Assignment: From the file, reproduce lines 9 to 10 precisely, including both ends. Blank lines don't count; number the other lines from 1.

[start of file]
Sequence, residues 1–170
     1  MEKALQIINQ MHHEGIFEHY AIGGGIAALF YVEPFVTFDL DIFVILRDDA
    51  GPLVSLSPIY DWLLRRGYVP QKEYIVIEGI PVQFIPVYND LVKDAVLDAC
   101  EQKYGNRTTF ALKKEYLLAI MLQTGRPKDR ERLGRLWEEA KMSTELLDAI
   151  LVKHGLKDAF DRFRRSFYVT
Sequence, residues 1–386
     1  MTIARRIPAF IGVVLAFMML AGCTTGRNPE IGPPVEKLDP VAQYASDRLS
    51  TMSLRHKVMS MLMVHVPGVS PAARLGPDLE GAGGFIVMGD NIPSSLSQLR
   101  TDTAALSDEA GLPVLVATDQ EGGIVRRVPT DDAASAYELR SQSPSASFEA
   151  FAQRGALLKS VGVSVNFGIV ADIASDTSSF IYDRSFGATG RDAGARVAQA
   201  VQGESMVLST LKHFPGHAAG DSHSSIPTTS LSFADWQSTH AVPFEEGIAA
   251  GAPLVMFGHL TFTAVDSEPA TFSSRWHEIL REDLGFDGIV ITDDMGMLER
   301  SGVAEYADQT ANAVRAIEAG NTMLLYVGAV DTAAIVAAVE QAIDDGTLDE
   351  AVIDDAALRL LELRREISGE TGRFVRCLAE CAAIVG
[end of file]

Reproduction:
   101  TDTAALSDEA GLPVLVATDQ EGGIVRRVPT DDAASAYELR SQSPSASFEA
   151  FAQRGALLKS VGVSVNFGIV ADIASDTSSF IYDRSFGATG RDAGARVAQA